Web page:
Heating and cooling homes creates around 20% of energy-related greenhouse gas emissions in the US. With targets for significant reductions in all emissions by 2050, the design and build of all new homes will need to be significantly more energy efficient. In addition, retrofitting older homes with renewable energy sources and extensive insulation will be necessary. Green architecture advocates the creation of energy-efficient buildings with low-carbon footprints, and just by looking at the top of the house, significant reductions in energy costs can be made. The roof provides the perfect setting for solar panels to provide renewable energy. And while rooftop gardens keep homes cooler, sustainable insulation under the roof deck can prevent heat from escaping.
Producing Energy With Solar Panels
Solar energy is an increasingly popular renewable energy source, and there are now more than two million solar panel installations in the US. In California, all new buildings are required to have solar panels installed, and a campaign by Environment America hopes to see more states, including some of the sunniest such as Texas and Colorado, follow suit. As well being installed during the building process, solar panels can be easily added to the roof of an existing property to make it more sustainable. The solar panels Colorado homeowners install will allow them to gain energy independence from fossil fuels, so reducing their carbon footprint and resulting in greater environmental stability.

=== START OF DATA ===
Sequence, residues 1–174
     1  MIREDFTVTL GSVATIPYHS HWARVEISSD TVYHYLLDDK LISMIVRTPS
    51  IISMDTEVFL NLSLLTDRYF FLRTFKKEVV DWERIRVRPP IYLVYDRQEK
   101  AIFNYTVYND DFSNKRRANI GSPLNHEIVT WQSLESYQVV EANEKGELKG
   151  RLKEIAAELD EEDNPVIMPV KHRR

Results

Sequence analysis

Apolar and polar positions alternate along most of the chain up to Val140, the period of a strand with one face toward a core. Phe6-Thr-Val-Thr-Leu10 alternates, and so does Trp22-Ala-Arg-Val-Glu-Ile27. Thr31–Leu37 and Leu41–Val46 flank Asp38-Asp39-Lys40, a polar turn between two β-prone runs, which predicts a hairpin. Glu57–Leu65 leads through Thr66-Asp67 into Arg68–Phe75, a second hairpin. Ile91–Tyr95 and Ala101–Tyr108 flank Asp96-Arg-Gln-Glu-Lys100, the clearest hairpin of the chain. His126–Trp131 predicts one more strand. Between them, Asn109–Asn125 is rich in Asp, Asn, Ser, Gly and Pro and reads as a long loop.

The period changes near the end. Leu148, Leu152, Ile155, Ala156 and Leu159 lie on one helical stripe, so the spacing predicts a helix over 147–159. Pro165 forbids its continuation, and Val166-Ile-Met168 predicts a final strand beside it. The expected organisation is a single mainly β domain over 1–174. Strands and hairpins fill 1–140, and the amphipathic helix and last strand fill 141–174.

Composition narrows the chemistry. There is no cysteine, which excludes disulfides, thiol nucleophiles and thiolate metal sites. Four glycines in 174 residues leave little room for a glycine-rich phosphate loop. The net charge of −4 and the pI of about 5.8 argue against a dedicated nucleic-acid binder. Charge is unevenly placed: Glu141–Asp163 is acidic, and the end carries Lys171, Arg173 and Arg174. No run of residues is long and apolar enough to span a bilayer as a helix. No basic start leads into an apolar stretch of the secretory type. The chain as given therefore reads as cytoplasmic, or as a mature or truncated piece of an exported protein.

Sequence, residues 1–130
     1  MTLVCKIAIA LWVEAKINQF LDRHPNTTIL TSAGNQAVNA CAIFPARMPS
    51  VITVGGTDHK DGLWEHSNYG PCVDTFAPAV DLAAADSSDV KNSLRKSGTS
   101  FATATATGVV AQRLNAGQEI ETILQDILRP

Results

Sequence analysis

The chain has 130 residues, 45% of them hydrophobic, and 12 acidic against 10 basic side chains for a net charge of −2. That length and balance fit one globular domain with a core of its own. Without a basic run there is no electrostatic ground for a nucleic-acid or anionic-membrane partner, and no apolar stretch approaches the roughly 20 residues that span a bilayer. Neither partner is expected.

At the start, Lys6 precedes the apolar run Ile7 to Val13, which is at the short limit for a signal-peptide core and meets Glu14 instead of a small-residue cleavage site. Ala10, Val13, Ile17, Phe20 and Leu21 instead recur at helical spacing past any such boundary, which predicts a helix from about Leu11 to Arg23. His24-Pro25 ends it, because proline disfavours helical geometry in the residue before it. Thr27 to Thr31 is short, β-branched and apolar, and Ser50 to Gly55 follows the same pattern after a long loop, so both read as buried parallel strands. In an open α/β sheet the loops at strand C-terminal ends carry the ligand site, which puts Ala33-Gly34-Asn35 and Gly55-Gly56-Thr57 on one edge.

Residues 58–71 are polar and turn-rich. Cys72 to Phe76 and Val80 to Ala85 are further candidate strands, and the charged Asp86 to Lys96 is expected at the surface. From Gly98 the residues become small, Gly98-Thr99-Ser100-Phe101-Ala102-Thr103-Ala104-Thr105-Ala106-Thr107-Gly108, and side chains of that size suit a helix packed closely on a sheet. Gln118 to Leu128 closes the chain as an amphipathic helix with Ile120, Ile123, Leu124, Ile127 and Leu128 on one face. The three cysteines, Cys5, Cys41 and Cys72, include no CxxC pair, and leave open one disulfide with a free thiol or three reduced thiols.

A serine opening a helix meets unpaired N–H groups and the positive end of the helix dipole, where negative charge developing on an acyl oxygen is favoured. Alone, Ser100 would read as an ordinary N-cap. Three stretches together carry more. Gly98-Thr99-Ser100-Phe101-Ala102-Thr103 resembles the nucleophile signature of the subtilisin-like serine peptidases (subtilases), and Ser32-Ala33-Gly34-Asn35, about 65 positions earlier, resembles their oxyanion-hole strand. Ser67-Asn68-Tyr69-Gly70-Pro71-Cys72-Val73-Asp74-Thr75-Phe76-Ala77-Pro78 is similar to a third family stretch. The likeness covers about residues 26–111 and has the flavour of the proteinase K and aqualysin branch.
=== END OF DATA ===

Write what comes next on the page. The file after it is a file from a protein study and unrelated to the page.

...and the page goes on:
Cooling Homes With A Green Roof
As well as maximizing green spaces in urban areas, rooftop gardens help to reduce energy costs. A green roof, covered with vegetation over a waterproof membrane, provides natural insulation. Along with shade from the plants, this enables a rooftop garden to regulate temperatures in the building by absorbing and trapping external hot and cold air. As well as saving energy, the plants also filter carbon dioxide from the air, adding to a home’s reduction in carbon footprint.
Retaining Heat With Roof Insulation
Looking under the shingles, around 25% of heat is lost through the roof of an uninsulated home. The EPA estimates that the average homeowner can save 15% on heating and cooling costs by adding insulation throughout the house, including in the attic. For builders of new homes, basic guidelines for proper installation are laid out in state building codes. These include using green certified materials to insulate unvented attics below the roof deck, resulting in reduced costs and greater energy efficiency.
By harnessing solar energy for power, and insulating the roof inside and out to regulate temperature, a house can become energy efficient, reducing both costs and carbon footprint.